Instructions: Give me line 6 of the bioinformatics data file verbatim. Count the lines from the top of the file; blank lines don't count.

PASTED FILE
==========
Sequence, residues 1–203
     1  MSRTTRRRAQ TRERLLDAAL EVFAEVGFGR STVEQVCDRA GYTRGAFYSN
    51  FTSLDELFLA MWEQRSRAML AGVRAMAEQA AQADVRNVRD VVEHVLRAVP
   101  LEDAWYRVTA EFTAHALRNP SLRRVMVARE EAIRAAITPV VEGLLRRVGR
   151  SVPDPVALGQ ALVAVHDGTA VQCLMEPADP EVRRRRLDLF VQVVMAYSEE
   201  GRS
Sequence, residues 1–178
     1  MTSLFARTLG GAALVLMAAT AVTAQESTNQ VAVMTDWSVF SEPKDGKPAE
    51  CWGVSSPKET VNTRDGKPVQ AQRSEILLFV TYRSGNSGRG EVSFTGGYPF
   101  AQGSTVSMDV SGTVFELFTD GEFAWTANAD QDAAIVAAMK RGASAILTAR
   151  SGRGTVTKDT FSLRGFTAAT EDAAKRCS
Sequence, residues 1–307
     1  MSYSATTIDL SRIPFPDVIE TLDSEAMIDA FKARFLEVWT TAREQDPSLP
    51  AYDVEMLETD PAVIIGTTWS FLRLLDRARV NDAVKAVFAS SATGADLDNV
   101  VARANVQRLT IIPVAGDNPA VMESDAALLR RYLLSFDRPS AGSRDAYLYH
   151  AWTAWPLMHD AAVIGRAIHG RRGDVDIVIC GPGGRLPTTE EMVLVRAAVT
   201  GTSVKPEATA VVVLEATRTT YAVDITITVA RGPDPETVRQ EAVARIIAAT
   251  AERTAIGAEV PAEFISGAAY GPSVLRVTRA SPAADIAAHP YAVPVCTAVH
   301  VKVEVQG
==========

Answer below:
   201  GRS